I’m afraid of heights. It’s a fear I’ve been dealing with for the past thirty years. I believe the official term is acrophobia, from the Greek words that combine “summit”, “edge” or “peak” and the word meaning “fear”. Merriam Webster’s Dictionary defines it as an “abnormal dread of being in a high place”, although I’m not sure I would define it as abnormal. I like to think of it as a healthy fear of potentially dangerous situations. That being said, I am a firm believer in meeting my fears head on and overcoming them. I have forced myself to face this one on many occasions, yet it still keeps rearing its ugly head to challenge me.
When I agreed to help with this project, I knew that at some point I would be required to climb a ladder to help with the roof, but we weren’t to that point yet, so his request that I climb up and slid across the ladder he had positioned across the top, extending from one side of the building to the other to nail in a small board caught me by surprise. I had gone for four solid hours and was tired when I started out this morning, and I couldn’t muster the energy to fight off my fear. Instead something inside my brain just mentally snapped.
“Oh, no. Oh, no,no,no,” I said even as I picked up my hammer and nails and began to climb the ladder with tears streaming down my face.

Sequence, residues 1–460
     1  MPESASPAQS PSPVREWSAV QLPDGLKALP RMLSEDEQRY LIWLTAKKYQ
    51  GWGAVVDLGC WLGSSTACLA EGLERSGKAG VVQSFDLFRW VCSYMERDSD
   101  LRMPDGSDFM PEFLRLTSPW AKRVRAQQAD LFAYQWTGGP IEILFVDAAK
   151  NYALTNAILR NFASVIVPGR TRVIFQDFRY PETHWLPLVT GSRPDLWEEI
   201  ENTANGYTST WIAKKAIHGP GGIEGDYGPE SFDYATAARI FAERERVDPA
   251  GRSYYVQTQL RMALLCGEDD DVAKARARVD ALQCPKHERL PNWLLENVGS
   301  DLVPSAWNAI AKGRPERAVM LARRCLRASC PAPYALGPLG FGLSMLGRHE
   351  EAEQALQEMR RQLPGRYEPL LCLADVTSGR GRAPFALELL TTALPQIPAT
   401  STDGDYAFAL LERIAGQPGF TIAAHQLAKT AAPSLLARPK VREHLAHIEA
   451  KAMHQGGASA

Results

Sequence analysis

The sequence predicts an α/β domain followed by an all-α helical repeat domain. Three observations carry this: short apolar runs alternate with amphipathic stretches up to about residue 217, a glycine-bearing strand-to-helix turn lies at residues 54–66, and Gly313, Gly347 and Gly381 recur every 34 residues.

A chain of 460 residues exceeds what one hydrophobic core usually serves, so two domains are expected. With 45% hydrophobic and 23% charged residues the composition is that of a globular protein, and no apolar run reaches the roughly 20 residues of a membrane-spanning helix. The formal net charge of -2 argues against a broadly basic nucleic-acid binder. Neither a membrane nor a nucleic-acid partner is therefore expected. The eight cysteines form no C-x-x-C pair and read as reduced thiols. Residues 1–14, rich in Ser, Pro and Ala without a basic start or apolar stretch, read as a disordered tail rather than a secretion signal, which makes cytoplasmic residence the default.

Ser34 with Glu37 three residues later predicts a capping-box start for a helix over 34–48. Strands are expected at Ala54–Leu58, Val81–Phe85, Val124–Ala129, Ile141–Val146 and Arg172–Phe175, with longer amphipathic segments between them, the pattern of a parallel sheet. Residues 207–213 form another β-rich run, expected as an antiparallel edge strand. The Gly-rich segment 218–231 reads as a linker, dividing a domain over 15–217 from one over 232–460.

“What? Just climb up there and pound in a couple of nails. What’s so hard about that?” my husband asked, absorbed in whatever he was working on and not really paying attention to my reaction.
“I’m going,” I said.
There must have been something in my voice that made him look up and take notice. “Are you crying?” he asked. “Really?” He was puzzled by my reaction because I usually just buckle down and do what needs doing in situations like this, without making a big deal of it.
I swung my legs over the vertical ladder and slid my butt across it. “No, I’m fine,” I said, hammering in two nails as quickly as I could. When I turned to slide back the way I had come, my body didn’t move. I was temporarily frozen. I’d had this happen before when I climbed out under a large cement bridge that spanned the Colorado River to get pictures of my party of rafters, so I knew eventually my body would respond to my minds commands to move, once I got control of my fear, but knowing that made the experience no less terrifying for the moment.
“Wait, I’ll get a picture of you up there,” my husband offered.
“No!” I said.
“It’s okay,” he replied. “You look good up there. Just stop crying a minute and look up at the camera.”
Having my picture taken was the last thing I wanted at that moment, but as I was stuck for the moment, there was nothing to do about it. So, I wiped the tears from my face and resolved myself to the fact that I would have a photo to capture the moment. My eyes remained glued to the top of the front wall however, because every time I tried to look down at him with the camera, I felt my fear rise once more.
“Oh, you decided to come down,” he said, as I finally emerged from the opening that would be the door. He had gone about his business, allowing me time to gather my courage and get myself down from above. “I thought maybe you were going to make a nest up there.”